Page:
LOS ANGELES -- An Israeli filmmaker
based in California went into hiding after his movie attacking Islam's
prophet Muhammad sparked angry assaults by ultra-conservative Muslims on
U.S. missions in Egypt and Libya, where one American was killed.
by phone from an undisclosed location Tuesday, writer and director Sam
Bacile remained defiant, saying Islam is a cancer and that the
56-year-old intended his film to be a provocative political statement
condemning the religion.
over Bacile's film opened fire on and burned down the U.S. consulate in
the eastern Libyan city of Benghazi, killing an American diplomat on
Tuesday. In Egypt, protesters scaled the walls of the U.S. embassy in
Cairo and replaced an American flag with an Islamic banner.
is a political movie," said Bacile. "The U.S. lost a lot of money and a
lot of people in wars in Iraq and Afghanistan, but we're fighting with
Bacile, a California real estate
developer who identifies himself as an Israeli Jew, said he believes the
movie will help his native land by exposing Islam's flaws to the world.
"Islam is a cancer, period," he said repeatedly.
The two-hour movie, Innocence of Muslims,
cost $5 million (â?¬3.91 million) to make and was financed with the
help of more than 100 Jewish donors, said Bacile, who wrote and directed
The film claims Muhammad was a fraud. An
English-language 13-minute trailer on YouTube shows an amateur cast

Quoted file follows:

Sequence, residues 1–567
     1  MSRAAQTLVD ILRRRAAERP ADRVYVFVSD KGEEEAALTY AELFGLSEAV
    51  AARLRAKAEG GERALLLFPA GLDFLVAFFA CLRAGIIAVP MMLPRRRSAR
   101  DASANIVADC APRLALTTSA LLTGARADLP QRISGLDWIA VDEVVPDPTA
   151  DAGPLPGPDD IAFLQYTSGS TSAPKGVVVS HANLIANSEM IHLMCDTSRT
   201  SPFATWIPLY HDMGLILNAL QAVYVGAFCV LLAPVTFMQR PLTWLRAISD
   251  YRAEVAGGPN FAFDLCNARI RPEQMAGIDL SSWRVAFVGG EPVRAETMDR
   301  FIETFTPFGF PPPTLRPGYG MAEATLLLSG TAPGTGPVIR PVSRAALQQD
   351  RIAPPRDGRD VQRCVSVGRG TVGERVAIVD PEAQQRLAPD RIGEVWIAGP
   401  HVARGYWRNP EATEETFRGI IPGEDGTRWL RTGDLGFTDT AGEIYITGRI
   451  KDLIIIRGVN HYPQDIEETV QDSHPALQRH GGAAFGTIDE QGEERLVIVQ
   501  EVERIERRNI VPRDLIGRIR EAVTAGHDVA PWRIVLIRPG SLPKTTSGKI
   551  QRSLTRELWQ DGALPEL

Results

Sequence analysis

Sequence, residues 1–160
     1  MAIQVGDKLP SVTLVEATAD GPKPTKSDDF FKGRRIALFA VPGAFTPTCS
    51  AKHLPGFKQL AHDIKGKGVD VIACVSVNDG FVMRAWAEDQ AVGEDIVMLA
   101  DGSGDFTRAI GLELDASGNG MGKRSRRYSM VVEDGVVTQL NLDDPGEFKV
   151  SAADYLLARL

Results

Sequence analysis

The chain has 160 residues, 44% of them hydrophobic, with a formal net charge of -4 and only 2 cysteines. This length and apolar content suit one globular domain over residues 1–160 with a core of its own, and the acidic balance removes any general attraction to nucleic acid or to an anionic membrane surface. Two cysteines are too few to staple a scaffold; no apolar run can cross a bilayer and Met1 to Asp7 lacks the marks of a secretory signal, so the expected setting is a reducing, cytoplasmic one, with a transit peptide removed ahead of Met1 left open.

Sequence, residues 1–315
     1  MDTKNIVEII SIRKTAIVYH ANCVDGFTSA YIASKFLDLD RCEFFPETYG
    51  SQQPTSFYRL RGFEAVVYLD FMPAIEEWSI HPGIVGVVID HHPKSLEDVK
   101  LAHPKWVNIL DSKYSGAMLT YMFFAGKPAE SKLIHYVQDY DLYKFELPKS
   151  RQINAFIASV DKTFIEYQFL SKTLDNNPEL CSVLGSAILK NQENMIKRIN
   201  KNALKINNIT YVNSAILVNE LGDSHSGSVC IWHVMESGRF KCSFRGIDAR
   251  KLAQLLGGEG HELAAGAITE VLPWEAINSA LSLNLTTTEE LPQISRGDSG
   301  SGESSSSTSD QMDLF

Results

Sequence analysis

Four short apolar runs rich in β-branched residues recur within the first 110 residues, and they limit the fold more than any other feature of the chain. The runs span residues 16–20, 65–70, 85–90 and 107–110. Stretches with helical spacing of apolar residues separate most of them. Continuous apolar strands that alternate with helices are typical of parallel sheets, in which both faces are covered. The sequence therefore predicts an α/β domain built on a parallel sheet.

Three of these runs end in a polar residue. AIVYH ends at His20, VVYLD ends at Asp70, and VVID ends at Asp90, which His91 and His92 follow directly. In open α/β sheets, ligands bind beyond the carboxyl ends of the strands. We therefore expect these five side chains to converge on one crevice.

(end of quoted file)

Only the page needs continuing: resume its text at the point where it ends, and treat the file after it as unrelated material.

performing a wooden dialogue of insults disguised as revelations about
Muhammad, whose obedient followers are presented as a cadre of goons.
depicts Muhammad as a feckless philanderer who approved of child sexual
abuse, among other overtly insulting claims that have caused outrage.
find it offensive to depict Muhammad in any manner, let alone insult
the prophet. A Danish newspaper's 2005 publication of 12 caricatures of
the prophet triggered riots in many Muslim countries.
Bacile was apologetic about the American who was killed as a result of
the outrage over his film, he blamed lax embassy security and the
perpetrators of the violence.
"I feel the security system (at the embassies) is no good," said Bacile. "America should do something to change it."
consultant on the film, Steve Klein, said the filmmaker is concerned
for family members who live in Egypt. Bacile declined to confirm.
said he vowed to help Bacile make the movie but warned him that "you're
going to be the next Theo van Gogh." Van Gogh was a Dutch filmmaker
killed by a Muslim extremist in 2004 after making a film that was
perceived as insulting to Islam.
"We went into this knowing this was probably going to happen," Klein said.
film was dubbed into Egyptian Arabic by someone he doesn't know, but he
speaks enough Arabic to confirm that the translation is accurate. It
was made in three months in the summer of 2011, with 59 actors and about
45 people behind the camera.
The full film has been shown once, to a mostly empty theater in Hollywood earlier this year, said Bacile.